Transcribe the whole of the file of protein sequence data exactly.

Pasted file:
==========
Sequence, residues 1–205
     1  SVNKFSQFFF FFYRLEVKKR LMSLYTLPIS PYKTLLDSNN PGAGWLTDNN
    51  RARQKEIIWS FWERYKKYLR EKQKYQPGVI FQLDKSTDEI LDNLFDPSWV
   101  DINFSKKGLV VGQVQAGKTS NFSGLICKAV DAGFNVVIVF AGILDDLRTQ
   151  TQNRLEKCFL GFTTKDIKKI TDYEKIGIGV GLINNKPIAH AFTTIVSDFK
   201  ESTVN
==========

Sequence, residues 1–205
     1  SVNKFSQFFF FFYRLEVKKR LMSLYTLPIS PYKTLLDSNN PGAGWLTDNN
    51  RARQKEIIWS FWERYKKYLR EKQKYQPGVI FQLDKSTDEI LDNLFDPSWV
   101  DINFSKKGLV VGQVQAGKTS NFSGLICKAV DAGFNVVIVF AGILDDLRTQ
   151  TQNRLEKCFL GFTTKDIKKI TDYEKIGIGV GLINNKPIAH AFTTIVSDFK
   201  ESTVN